For much of 2019’s last quarter Australian rural journals and politicians were forecasting a bonanza.But some reality is overdue
2020 is supposed to be the year when the Indonesia-Australia Comprehensive Economic Partnership Agreement (IA-CEPA) finally comes good. Then tariff gates will be ripped off their hinges as a torrent of produce from Down Under pours into the hungry and overcrowded archipelago next door.
Fresh markets will cry for attention. A new era of agricultural prosperity will rise. While Pollyannas chorus, worrywarts quietly mutter. However some grounding in reality is overdue.
First is that nothing will happen till the Indonesian parliament – or President Joko Widodo if the debate gets stuck – ratifies the agreement. It’s already been approved by Canberra.
Signing was supposed to happen last month, but it’s not a high priority in Jakarta. In November the Australian Financial Review reported some politicians concerned about a ‘flood of imports’, reminding colleagues that trade since 2013 had always benefited Australia.
The IA-CEPA does favour Australia, though boosters say Indonesia will be able to increase exports, citing goods like furniture, textiles and fruits.
One problem is market size. Australia’s population is eleven times smaller than Indonesia’s. Some exporters won’t bother with complex quarantine rules and quality controls unless profits are sizeable.
Australian farmer hopes for an IA-CEPA boom need to be qualified by the realities of international commerce. If Black Sea growers can deliver grains cheaper than the neighbours, then Indonesian bakers will buy from Russia and Ukraine.
Poor rainfall in Australia’s western wheat belts has kept silos less than full, so even if consumers are keen supplies may not meet demands.
The free trade agreement opens service industries like education and health care to Australian providers. Getting approvals may be the easiest part; the overweight Indonesian bureaucracy is almost impenetrable to those who won’t give ‘envelopes’ so public servants can scissor red tape.
President Widodo knows this is deterring investors and has proposed ‘omnibus’ legislation to consolidate regulations and cut-out overlaps.
Even if successful, it will take years to reform. Indonesia is ranked 73rd among 190 economies according to the World Bank’s Ease of Doing Business index. It had the same placement in 2018. (NZ is number one, Australia 14th.)
The IA-CEPA ratification delays are a concern, particularly as it’s taken a decade of on-off negotiations to get this far. However the deal will probably go through unless something is said or done to rouse the wrath of ultra-sensitive Indonesians and stall settlement.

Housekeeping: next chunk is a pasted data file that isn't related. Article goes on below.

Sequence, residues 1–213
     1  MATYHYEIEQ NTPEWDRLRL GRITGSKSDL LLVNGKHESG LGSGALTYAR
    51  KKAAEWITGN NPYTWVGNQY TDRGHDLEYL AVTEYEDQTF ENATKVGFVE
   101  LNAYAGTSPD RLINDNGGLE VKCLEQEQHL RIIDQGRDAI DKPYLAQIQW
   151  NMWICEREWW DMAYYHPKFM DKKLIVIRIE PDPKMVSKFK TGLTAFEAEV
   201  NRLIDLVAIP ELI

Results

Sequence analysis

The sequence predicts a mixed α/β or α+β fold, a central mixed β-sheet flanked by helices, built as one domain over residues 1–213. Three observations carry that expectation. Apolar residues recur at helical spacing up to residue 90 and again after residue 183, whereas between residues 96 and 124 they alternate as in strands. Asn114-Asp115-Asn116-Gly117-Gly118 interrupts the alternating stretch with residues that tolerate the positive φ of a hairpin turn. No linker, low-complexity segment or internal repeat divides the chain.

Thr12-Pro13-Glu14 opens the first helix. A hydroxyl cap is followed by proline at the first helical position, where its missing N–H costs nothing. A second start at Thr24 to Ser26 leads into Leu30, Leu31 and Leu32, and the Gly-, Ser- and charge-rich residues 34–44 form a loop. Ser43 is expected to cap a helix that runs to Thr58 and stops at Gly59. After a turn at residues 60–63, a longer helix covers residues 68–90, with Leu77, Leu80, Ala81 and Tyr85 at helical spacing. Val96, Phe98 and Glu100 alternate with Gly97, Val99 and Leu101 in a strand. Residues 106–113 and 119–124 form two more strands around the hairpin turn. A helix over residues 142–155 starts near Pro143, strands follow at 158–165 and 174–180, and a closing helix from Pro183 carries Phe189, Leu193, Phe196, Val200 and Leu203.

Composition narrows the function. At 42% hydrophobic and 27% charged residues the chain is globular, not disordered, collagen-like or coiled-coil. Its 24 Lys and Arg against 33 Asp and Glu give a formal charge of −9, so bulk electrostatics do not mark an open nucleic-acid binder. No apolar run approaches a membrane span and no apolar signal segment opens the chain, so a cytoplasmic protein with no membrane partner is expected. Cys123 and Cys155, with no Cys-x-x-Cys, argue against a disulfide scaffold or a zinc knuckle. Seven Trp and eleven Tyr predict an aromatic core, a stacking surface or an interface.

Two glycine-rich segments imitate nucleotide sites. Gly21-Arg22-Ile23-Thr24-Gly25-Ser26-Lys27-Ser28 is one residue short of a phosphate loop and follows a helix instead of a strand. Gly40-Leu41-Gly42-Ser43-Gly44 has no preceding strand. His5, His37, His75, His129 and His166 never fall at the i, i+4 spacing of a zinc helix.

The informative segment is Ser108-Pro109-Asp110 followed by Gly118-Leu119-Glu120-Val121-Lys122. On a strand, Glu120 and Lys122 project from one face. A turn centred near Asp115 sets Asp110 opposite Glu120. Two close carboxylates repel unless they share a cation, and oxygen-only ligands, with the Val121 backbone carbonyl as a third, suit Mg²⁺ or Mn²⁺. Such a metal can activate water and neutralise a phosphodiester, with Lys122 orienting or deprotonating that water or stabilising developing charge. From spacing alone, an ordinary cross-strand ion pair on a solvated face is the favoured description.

Upsetting the people next door has long concerned Canberra, as the release of year 2000 Cabinet papers shows. The Howard government wouldn’t offer refuge to 1,500 East Timorese the UN believed were at risk for fear of stirring Jakarta.
Another reason to put pens in the hands of Indonesian lawmakers asap.
The last irritant was in 2018 when Prime Minister Scott Morrison canvassed an embassy move from Tel Aviv to Jerusalem. The present most likely flashpoint is West Papua where Indonesian troops are fighting pro-independence guerillas.
Even well-warranted condemnation of human rights abuses in the poorly reported conflict could trigger the fury of radicals. Claims that Australia wants to break up the Republic by repeating its ‘interference’ in the 1999 separation of the former East Timor are widely believed.
For a change religious issues may not be so volatile. Indonesia – the world’s most populous Muslim country – has been remarkably quiet about the alleged Chinese persecution of Uyghurs and the Myanmar military’s oppression of the Rohingya.
It’s been reported that Indonesia’s Islamic organisations have turned off the rage after taking sponsored visits to Xinjiang where the Uyghur ‘reeducation camps’ are reported to be located.
The slur was denied and a protest quickly organised outside the Chinese Embassy in Jakarta just after Christmas; only a thousand fronted. The 2016 crowds baying for blasphemy charges against Jakarta Governor and ethnic Chinese Christian Basuki (Ahok) Tjahaja Purnama were 500 times larger.
The IA-CEPA also increases the quota on work and holiday visas eventually allowing entry for 5,000 Indonesians a year. Australian unions have objected yet these visas are unlimited for most European backpackers who labor on market gardens and farms.
President Widodo has been calling for foreign money and hopes the IA-CEPA will entice, though lenders are leery. Australian government statistics show $5.6 billion invested next door, compared with $720 billion in the US and $480 billion in the UK.
Widodo and his economic advisors want dollars, but nationalists fear relying on foreigners for loans and food security will impact sovereignty.
On the other side, investors know the rule of law is flexible and the state dispute settlement system is flawed. All this, plus corruption, equals distrust.
Trade was flourishing long before European colonialists arrived in the region and started imposing rules. Makassan adventurers were regular visitors to the Kimberley coast, gathering shellfish and sea slugs for Chinese medicine.
They brought iron cookpots, metal tools, cloth, rice and exotic plants like tamarinds in their multi-hulled prau. Some returned to South Sulawesi with Aboriginal wives and artifacts. Where trade treads, friendships follow.
It’s another reason for pushing the IA-CEPA, though rarely mentioned by the spruikers.
Duncan Graham is an Australian journalist writing from Indonesia.